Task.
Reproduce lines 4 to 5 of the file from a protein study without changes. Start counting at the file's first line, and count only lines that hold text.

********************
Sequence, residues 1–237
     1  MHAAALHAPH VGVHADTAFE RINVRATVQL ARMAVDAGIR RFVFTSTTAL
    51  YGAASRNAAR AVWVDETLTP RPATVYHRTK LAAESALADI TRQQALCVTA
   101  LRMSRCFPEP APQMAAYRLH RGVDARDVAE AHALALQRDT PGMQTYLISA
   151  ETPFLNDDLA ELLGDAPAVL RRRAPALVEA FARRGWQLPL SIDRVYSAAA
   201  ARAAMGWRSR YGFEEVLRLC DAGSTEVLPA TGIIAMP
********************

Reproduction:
   101  LRMSRCFPEP APQMAAYRLH RGVDARDVAE AHALALQRDT PGMQTYLISA
   151  ETPFLNDDLA ELLGDAPAVL RRRAPALVEA FARRGWQLPL SIDRVYSAAA